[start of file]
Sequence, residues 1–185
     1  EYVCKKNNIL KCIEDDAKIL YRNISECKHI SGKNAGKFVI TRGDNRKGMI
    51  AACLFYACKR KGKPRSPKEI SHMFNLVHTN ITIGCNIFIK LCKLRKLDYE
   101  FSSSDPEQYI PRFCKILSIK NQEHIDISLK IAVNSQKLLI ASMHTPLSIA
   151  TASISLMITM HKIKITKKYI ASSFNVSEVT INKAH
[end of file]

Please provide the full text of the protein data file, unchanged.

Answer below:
Sequence, residues 1–185
     1  EYVCKKNNIL KCIEDDAKIL YRNISECKHI SGKNAGKFVI TRGDNRKGMI
    51  AACLFYACKR KGKPRSPKEI SHMFNLVHTN ITIGCNIFIK LCKLRKLDYE
   101  FSSSDPEQYI PRFCKILSIK NQEHIDISLK IAVNSQKLLI ASMHTPLSIA
   151  TASISLMITM HKIKITKKYI ASSFNVSEVT INKAH